Help students get to grips with selecting the right way to present their data
It is easy to bemoan students’ graphing skills: they mix up their axes, use the wrong type of graph, join the points, or use a straight line of best fit instead of a curve. But why do they do this? I believe it’s due to students compartmentalising graphing in maths and sciences, and not really grasping how the two interrelate.
One helpful way of distinguishing forms of data representation across both maths and science would be descriptive and predictive.
Descriptive graphs are used to present the data in a way which is easier to understand and interpret, but doesn’t allow for extrapolation, such as a pie chart showing the percentages of different gases in the air, or a bar chart showing a temperature rise when different metals react with hydrochloric acid. Descriptive graphs are used in the same way in maths and science, so although students may need to interpret some descriptive graphs in exams, or even plot some simple graphs, the main challenge is explaining the results in terms of the chemistry they already know.
A predictive graph, however, allows the reader to extrapolate from the data and make further claims. This could be the hypothetical maximum temperature in an exothermic reaction, or determining the activation energy for a reaction. For GCSE and A-level, students are likely to be asked to plot and use predictive graphs to make further claims by analysing the graph using mathematical techniques. And this is where the cracks begin to show because, while they look like the similar graphs they deal with in maths lessons, there are a number of key conceptual differences. These two, apparently contrasting, approaches can cause students to see graphing practices as distinct for each domain. Making links between the two is a key threshold concept for both science and maths. So what are the challenges and how can we help bridge the gap?
A worksheet on variables as MS Word and pdf and a concept cartoon as MS Powerpoint or pdf.
Firstly, while a mathematical graph portrays an exact function in the form y = f(x), in chemistry students see graphs as something ‘showing their results’ rather than approximating the scientific law which underpins their data. The mathematical relationship is an ideal one and ‘errors’ cannot be accounted for: a point which doesn’t fit on the line doesn’t fit the function or law. However, values determined empirically will be loaded with error, yet we still suggest they can illuminate a law-like mathematical relationship between the variables. No wonder students struggle with understanding lines of best fit.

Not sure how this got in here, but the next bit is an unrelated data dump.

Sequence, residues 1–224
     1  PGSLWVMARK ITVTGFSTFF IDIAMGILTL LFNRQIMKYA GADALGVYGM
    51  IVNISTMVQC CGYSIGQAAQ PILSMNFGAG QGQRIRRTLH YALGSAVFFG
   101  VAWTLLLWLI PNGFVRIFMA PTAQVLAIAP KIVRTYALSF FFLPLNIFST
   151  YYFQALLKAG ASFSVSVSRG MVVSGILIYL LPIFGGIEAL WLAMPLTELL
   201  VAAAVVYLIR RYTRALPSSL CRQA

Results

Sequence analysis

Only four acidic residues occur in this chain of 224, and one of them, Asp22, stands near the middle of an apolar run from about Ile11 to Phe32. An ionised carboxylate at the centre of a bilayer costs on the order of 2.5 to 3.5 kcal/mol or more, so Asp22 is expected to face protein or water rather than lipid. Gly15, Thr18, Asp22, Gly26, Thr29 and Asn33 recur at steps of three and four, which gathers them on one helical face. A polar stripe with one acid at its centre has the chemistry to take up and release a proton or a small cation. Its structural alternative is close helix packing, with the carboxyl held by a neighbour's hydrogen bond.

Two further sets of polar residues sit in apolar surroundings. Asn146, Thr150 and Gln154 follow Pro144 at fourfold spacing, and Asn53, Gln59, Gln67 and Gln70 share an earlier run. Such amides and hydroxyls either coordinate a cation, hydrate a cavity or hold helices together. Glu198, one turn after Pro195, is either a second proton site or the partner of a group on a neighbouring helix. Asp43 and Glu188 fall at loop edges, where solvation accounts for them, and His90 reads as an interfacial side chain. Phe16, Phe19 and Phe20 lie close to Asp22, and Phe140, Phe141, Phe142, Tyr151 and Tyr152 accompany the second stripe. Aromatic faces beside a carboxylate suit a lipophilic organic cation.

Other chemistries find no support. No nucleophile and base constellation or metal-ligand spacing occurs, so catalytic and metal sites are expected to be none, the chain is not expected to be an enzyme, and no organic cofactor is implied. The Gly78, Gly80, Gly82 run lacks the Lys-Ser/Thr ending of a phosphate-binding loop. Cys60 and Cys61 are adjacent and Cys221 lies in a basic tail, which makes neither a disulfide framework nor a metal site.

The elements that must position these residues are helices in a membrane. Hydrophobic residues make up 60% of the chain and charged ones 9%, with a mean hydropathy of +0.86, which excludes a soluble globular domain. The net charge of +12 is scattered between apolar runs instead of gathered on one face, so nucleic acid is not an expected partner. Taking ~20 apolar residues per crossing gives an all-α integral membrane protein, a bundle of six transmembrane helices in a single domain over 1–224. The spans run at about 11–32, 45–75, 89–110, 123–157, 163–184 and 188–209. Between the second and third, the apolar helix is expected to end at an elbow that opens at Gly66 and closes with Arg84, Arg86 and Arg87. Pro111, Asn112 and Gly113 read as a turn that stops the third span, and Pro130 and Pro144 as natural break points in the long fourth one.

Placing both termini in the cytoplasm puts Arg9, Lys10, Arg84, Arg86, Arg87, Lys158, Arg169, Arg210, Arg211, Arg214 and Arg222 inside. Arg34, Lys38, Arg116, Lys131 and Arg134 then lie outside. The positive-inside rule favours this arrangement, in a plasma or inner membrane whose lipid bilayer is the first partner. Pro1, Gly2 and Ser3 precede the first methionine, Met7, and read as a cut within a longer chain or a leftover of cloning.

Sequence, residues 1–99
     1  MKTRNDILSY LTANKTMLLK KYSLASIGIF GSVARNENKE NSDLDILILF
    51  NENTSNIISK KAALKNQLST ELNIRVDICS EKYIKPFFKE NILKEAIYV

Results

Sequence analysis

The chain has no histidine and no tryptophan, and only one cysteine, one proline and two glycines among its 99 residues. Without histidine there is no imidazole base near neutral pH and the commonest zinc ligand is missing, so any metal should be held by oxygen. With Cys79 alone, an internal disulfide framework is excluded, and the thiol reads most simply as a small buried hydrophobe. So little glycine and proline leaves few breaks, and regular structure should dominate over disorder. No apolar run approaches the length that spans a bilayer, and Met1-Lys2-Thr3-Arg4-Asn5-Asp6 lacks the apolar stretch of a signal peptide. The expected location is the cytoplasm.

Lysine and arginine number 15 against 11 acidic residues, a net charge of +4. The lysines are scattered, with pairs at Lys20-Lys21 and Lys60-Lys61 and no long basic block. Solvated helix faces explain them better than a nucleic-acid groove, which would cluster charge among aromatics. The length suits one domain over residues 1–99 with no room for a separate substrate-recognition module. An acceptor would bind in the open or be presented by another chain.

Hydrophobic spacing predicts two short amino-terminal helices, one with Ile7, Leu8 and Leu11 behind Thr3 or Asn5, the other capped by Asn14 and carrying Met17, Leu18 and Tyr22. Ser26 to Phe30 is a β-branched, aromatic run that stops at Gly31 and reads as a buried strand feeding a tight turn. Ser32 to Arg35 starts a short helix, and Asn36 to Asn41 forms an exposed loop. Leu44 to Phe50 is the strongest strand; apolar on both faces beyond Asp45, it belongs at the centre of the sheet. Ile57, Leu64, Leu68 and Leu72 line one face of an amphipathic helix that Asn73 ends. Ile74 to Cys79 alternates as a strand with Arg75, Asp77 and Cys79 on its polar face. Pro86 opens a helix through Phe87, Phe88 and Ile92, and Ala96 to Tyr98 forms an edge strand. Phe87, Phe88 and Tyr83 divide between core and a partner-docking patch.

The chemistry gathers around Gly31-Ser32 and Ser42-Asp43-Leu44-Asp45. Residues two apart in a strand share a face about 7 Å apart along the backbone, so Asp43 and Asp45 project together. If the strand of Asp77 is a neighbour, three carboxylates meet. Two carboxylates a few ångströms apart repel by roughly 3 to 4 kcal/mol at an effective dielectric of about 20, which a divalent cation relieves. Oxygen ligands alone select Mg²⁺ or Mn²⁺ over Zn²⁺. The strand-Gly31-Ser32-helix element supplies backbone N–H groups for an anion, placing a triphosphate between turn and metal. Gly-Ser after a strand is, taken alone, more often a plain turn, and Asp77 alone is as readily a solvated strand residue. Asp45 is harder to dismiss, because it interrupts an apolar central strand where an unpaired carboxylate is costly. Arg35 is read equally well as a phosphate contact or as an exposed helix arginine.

How to help …
- Model relating empirical data to a y = f(x) function, for example by determining the gradient of a straight line using software, and then using that function to determine exact values of a variable algebraically rather than reading them from a graph.
- Use language students are familiar with in maths, such as talking about the y-intercept when asking students to justify whether or not they would expect their graph to go through (0,0).
- Use concept cartoons to explore students’ ideas about what their data means. Download the example below.
Secondly, in maths the variables are often not given, but coded as x and y, and the values plotted are just numbers on abstract, but consistent, axes. In science the variables are concrete, vary from graph to graph, and the numbers plotted represent actual quantities. Assigning axes is no longer implicit, students need to characterise the variables conceptually first, and potentially get them into the ‘right’ form, such as 1/T vs ln k: another cognitive challenge.
How to help …
- Use variable tables to calculate missing values and identify equations relating x and y, then extend to different variables. Download the example below.
- Encourage A-level students to sketch the shapes of graphs with different variables using algebraic reasoning. For example, given the rate constant what would rate = k[A] and rate = k[A]2 look like? Students could then extend to t = f[A] and t = f[A]2.
Finally, working closely with maths colleagues is key: share your experiences with each other. Conceptual bridges are built most effectively from both sides of the river.
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